Why Google Places Dropped QR Codes from iPhones ?
Last year Google’s announcement that it had dropped QR codes from iPhones came as a big shock to many. When you consider the fact that QR codes are becoming more popular and effective in the modern day, this decision seems even more puzzling upon reflection. Now that time has allowed us to assess the situation in greater depth, this article aims to give further clarity on why this decision was made.
What is a QR code?
Before we can delve deeper into Google’s shock decision and the alternative options for businesses, it is important to decipher what a QR code actually is. For those who are unaware it is likely that you will have seen a QR code before. This is a black and white graphic that is typically found on posters and alike.
The graphic encompasses concealed data and can be retrieved via anything from a new tablet to sim only contracts for iPhone. People use the camera on their smartphone in order to process this information. Individuals will need to have the appropriate app installed in order to do this properly. Nonetheless, the QR code will then divert the individual to the URL that has been hidden in the QR code. This may take you to the company’s website or their Twitter page or anywhere else along these lines.
They offer a great marketing method and they are cheap to implement. After all, at the end of a long contract you can look into sim only contracts for iPhone instead of signing up for another 1 or 2 year commitment. This will make you savings.
Google wanted to look elsewhere
In Google’s statement explaining their shock move they said that the reason for doing so was because they were exploring different ways of providing people with a similar service. Essentially they wanted to find their own method of providing information about local businesses on people’s smartphones.
Near Field Communication (NFC)
Those who have the ability to read between the lines instantly recognized that the reason Google was dropping QR codes was because they wanted to implement their own Near Field Communication (NFC) technology for sim only contracts for iPhone. What is this? Essentially this is a wireless technology that allows data to be exchanged over nearby distances. QR codeswould have been direct competition to this; hence the reason Google dropped it when it did.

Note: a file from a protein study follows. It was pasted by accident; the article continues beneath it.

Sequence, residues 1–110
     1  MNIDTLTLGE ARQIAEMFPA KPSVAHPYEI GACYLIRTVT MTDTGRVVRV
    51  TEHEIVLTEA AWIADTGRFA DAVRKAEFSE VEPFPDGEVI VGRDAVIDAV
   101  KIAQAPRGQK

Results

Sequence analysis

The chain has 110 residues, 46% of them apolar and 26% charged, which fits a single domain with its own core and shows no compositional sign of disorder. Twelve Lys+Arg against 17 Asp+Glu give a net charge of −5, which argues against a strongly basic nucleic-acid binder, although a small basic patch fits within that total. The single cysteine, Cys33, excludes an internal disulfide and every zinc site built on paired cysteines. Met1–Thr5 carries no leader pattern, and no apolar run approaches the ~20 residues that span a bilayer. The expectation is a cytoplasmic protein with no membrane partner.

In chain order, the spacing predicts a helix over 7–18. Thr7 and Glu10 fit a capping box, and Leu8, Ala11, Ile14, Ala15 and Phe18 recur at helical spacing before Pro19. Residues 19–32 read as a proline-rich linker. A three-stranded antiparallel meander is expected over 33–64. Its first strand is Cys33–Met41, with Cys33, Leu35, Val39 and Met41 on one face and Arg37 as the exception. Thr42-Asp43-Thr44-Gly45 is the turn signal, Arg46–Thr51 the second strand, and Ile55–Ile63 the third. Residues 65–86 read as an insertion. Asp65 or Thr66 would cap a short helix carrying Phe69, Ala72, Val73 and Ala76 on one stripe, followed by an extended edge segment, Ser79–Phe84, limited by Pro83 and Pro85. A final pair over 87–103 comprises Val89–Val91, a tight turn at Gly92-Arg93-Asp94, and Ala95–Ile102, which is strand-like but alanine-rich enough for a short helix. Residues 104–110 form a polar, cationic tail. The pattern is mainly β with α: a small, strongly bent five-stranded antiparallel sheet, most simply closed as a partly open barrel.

Google’s decision not based on popularity
Nevertheless, Google’s decision has not deterred people from using QR codes. This is because businesses recognize that Google’s decision was not made based on the popularity of QRcodes. Thus businesses recognize that the benefits can still be felt through the implementation of this digital graphic.
Businesses should now embrace NFC tags
So, what can businesses do about Google’s decision to drop QR codes? The truth is you can look into Google’s switch to NFC. This does not mean they have to drop their use of QR codes. Both can be utilized. Thus, whatever print medium the company in question uses they must add a NFC tag layer to it too.
Don’t drop a winning campaign
The important point regarding the advice to keep using QR codes is something that needs to be elaborated on further. The truth is we can often end up blind sighted by Google’s dominance. We believe they are the be all and end all. Yet, 75% of smartphone users say they are interested in scanning a QR code. Furthermore, if your QR code campaign is bringing you success, then why drop it?
Google’s decision to drop QR codes was certainly a surprising one. Yet when analyzed in more depth you can see why the decision was made. Nevertheless, Google’s move to drop QRcodes does not mean that you have to as well.
Author bio –
Donna is an online technical expert. You can look into her views on QR codes and NFC by subscribing to her latest blogs in various sites including "Sim Only". She believes that at the end of a long contract you can look into sim only contracts for iPhone instead of signing up for another 1 or 2 year commitment.